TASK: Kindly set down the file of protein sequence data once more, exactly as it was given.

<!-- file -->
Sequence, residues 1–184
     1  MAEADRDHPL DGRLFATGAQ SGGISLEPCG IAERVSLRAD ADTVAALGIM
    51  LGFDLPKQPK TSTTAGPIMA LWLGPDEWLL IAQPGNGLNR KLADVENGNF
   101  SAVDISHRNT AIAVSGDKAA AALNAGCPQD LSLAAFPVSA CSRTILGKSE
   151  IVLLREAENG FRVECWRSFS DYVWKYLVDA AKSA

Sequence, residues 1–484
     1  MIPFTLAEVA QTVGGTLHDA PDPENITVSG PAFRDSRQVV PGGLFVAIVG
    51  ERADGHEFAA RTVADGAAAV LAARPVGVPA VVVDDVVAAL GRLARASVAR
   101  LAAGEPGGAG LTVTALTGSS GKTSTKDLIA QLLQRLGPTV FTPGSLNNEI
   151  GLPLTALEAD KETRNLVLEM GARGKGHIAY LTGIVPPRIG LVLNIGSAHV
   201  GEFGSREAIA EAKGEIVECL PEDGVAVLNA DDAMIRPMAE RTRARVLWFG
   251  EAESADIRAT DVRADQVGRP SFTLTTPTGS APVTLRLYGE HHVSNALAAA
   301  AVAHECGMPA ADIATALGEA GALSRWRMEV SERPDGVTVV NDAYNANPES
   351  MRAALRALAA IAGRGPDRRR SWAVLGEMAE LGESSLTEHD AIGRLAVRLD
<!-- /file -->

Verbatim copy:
Sequence, residues 1–184
     1  MAEADRDHPL DGRLFATGAQ SGGISLEPCG IAERVSLRAD ADTVAALGIM
    51  LGFDLPKQPK TSTTAGPIMA LWLGPDEWLL IAQPGNGLNR KLADVENGNF
   101  SAVDISHRNT AIAVSGDKAA AALNAGCPQD LSLAAFPVSA CSRTILGKSE
   151  IVLLREAENG FRVECWRSFS DYVWKYLVDA AKSA

Sequence, residues 1–484
     1  MIPFTLAEVA QTVGGTLHDA PDPENITVSG PAFRDSRQVV PGGLFVAIVG
    51  ERADGHEFAA RTVADGAAAV LAARPVGVPA VVVDDVVAAL GRLARASVAR
   101  LAAGEPGGAG LTVTALTGSS GKTSTKDLIA QLLQRLGPTV FTPGSLNNEI
   151  GLPLTALEAD KETRNLVLEM GARGKGHIAY LTGIVPPRIG LVLNIGSAHV
   201  GEFGSREAIA EAKGEIVECL PEDGVAVLNA DDAMIRPMAE RTRARVLWFG
   251  EAESADIRAT DVRADQVGRP SFTLTTPTGS APVTLRLYGE HHVSNALAAA
   301  AVAHECGMPA ADIATALGEA GALSRWRMEV SERPDGVTVV NDAYNANPES
   351  MRAALRALAA IAGRGPDRRR SWAVLGEMAE LGESSLTEHD AIGRLAVRLD